Nebraska two week ago, notching a
season-high team score of 277.95. Iowa
is undefeated this season including a 2-0
Big Ten mark, and sports a season high
of 274.65. The Wolverines best score
is 270.5. Also competing will be Kent
State, which normally scores in the 264
to 265 range, said Michigan coach Newt
THE GREAT PIZZA CHALLENGE
"The kids are loving it," said Loken.-
"They are thrilled to death at com-
peting with the best teams in the
country. We are not intimidated by
Michigans top gymnasts compare
favorably with those of both Oklahoma
IN ALL-AROUND competition,
Wolverine Milan Stanovich, with a high
of 55.70, is right up there with Brett
Garland of Iowa (55.75) and Robbie
Mahurn of Oklahoma (55.95).
Stanovich is also tied with Hawkeye
Stuart Breitenstine for the best vaulting
Iowa's Bob Leverence leads the
field on pommel horse, with a 9.7.
Breitenstine has the top floor exercise
On the rings, Michigan's Rick Kauf-
mann has recorded the high mark, 9.7.
Look for another Wolverine on the
paralled bars, Dino Manus, who has a
9.6 to his credit.
SOONER MIKE Sims boasts the best
high bar score of the crew, 9.7.
The reason Oklahoma and Iowa have
been able to amass higher team scores
than Michigan is depth. Even though
their best marks are just 9.4 to 9.8, both
teams average better than 9.1.
Because Michigan has competed
against such high-quality competition
this season, the team's improvement has
not shown up in its won-lost record.
"The Big Ten is the strongest conferen-
ce in the nation," said Loken.
The spectators who show up for
today's 1:00 match at Crisler Arena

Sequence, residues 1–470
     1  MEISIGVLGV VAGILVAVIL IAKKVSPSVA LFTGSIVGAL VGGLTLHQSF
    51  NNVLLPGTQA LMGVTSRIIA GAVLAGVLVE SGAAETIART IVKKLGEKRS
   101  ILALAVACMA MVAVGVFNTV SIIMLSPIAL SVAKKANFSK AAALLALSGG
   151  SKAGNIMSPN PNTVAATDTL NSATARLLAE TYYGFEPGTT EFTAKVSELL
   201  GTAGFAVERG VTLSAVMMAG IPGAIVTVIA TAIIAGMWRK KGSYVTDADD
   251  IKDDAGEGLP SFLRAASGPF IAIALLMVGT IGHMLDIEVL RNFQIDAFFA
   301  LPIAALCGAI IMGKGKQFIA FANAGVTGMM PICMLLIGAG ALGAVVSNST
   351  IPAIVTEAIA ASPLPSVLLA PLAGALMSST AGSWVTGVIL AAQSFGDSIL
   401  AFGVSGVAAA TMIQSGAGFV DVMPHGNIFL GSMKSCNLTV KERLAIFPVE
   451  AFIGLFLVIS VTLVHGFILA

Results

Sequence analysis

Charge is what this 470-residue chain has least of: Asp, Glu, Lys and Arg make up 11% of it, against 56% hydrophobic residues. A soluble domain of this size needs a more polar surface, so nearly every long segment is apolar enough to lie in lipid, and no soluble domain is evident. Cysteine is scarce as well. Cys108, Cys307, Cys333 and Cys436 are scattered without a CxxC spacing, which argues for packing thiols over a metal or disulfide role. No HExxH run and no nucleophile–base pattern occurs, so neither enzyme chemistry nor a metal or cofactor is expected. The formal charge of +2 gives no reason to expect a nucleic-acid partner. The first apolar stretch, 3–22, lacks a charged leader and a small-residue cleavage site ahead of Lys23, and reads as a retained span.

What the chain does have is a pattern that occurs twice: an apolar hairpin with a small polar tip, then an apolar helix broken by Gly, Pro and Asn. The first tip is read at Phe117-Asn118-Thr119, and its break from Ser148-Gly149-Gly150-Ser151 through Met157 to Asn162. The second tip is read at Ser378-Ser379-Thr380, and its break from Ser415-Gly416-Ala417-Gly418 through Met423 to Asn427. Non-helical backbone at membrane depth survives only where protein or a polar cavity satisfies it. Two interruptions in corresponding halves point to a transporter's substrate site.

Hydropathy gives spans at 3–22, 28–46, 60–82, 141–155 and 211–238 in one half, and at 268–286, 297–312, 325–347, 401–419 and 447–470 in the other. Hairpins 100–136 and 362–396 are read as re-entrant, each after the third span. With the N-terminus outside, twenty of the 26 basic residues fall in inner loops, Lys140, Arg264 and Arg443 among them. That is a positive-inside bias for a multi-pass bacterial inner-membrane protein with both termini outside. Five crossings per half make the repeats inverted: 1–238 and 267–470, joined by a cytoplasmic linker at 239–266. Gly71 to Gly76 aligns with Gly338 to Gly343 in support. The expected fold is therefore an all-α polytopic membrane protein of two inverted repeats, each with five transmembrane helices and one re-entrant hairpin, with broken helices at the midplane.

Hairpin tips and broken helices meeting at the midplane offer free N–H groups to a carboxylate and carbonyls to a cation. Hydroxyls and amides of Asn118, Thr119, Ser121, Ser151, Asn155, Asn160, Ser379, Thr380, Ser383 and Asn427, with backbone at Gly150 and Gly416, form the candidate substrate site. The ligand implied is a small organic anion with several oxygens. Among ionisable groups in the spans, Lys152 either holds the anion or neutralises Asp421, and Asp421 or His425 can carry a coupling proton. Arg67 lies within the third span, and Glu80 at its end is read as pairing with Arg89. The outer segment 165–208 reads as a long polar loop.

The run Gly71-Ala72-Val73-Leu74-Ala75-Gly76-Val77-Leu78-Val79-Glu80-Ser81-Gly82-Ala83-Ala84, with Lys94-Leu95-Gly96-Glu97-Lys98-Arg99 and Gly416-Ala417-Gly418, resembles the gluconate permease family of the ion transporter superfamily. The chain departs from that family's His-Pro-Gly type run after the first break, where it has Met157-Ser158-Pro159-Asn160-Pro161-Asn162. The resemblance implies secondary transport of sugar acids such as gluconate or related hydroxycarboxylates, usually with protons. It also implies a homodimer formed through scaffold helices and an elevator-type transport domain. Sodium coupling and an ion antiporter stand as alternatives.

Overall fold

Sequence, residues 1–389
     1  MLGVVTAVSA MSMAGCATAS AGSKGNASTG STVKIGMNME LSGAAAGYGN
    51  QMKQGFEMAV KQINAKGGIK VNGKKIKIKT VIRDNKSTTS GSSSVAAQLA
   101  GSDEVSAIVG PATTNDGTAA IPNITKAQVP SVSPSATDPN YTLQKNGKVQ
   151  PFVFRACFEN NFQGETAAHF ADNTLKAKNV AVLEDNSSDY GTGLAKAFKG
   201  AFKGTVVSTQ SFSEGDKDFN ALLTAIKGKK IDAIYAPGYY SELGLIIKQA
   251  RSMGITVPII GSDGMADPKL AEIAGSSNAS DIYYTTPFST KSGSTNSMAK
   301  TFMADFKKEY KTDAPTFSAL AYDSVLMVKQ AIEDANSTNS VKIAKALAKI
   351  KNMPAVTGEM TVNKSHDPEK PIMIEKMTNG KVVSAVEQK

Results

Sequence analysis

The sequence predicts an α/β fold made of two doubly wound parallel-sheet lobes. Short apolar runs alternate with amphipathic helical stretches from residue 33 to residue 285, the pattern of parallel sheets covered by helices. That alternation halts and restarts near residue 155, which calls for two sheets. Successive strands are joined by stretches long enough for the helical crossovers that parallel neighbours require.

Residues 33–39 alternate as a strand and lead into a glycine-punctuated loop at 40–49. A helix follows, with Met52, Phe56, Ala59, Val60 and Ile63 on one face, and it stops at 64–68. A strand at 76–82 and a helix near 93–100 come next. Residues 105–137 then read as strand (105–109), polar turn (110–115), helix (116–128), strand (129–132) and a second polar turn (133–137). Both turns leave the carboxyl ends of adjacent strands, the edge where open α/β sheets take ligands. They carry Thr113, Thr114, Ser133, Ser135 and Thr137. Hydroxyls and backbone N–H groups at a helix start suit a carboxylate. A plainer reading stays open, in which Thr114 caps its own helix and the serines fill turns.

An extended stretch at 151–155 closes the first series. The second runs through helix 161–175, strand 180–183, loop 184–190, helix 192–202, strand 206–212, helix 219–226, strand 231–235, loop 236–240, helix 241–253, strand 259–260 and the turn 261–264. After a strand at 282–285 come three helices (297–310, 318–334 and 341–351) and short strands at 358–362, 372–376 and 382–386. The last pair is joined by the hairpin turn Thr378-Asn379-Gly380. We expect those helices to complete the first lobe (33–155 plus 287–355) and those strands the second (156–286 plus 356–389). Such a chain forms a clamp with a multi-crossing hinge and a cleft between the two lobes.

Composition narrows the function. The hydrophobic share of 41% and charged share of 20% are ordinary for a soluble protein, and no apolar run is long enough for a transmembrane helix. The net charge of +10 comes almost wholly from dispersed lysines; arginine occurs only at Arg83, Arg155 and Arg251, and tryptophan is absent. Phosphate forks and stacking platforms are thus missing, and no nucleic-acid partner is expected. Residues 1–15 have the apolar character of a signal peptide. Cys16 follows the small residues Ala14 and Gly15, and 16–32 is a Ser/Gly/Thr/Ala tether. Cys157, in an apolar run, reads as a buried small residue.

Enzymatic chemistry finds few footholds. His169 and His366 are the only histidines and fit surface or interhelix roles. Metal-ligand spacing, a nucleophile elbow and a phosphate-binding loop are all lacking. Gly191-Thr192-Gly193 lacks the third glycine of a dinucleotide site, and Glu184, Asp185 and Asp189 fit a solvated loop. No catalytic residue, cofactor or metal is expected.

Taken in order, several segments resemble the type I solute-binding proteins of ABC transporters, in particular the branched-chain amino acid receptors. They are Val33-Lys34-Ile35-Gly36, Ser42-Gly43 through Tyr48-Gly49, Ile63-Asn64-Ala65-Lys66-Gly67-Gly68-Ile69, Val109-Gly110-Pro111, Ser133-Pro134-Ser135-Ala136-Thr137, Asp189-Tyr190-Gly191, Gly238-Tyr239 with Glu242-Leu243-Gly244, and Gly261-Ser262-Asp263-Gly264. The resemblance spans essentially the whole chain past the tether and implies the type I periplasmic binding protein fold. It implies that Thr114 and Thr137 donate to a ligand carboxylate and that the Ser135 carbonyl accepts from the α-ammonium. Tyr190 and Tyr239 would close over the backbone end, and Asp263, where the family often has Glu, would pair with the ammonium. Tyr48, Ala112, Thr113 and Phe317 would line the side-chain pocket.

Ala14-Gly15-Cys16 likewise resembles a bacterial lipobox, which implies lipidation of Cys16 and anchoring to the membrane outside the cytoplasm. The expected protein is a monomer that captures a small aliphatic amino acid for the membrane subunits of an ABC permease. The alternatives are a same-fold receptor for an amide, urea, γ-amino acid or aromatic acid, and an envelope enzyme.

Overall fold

may not see a Wolverine victory, but
they certainly will see high-caliber
Kai f mann
... Michigan's All-American ring
Women tumblers host meet
The Michigan women's gymnastics
team will attempt to continue its
season-long quest for improvement
today as the Wolverines host Bowling
Green, Oklahoma and Kent State at
1:00 at Crisler Arena.
Michigan is coming off a second-
place finish in a match between Ohio
State and Eastern Michigan, and coach
Sheri Hyatt is looking for continued im-
provement against a tough Bowling
"We hope to continue to improve and
put four events together," Hatt said.
"I think Bowling Green will be tough
just looking at the scores they've posted
Wolverine top all-arounder Kathy (
Beckwith says she is looking forward to
suc9essfully completing some new
moves in her routines, and believes that
the Wolverines' level of confidegce, and
also their scores, has been steadily
If you can eat a large "UNO" pizza-
you don't have to payl
Lots of pizza lovers can eat a large pizza at ordinary pizza
places. But UNO's is not an ordinary pizza place and an "UNO"
pizza is not an ordinary pizza!
'"U NO" pizzas are like buying one and
getting TWO. So just to prove our point,
we're making this challenge:
If you can eat a large "UNO" pizza (time
limit: 45 minutes) YOU DON'T PAY!
So bring your cheerleaders . . . And let the contest begin!
Study in London, Summer of 1983
BRITISH NATIONAL HEALTH SERVICE
Comparative Health Care Systems
sponsored by the Univ. of Michigan - Dearborn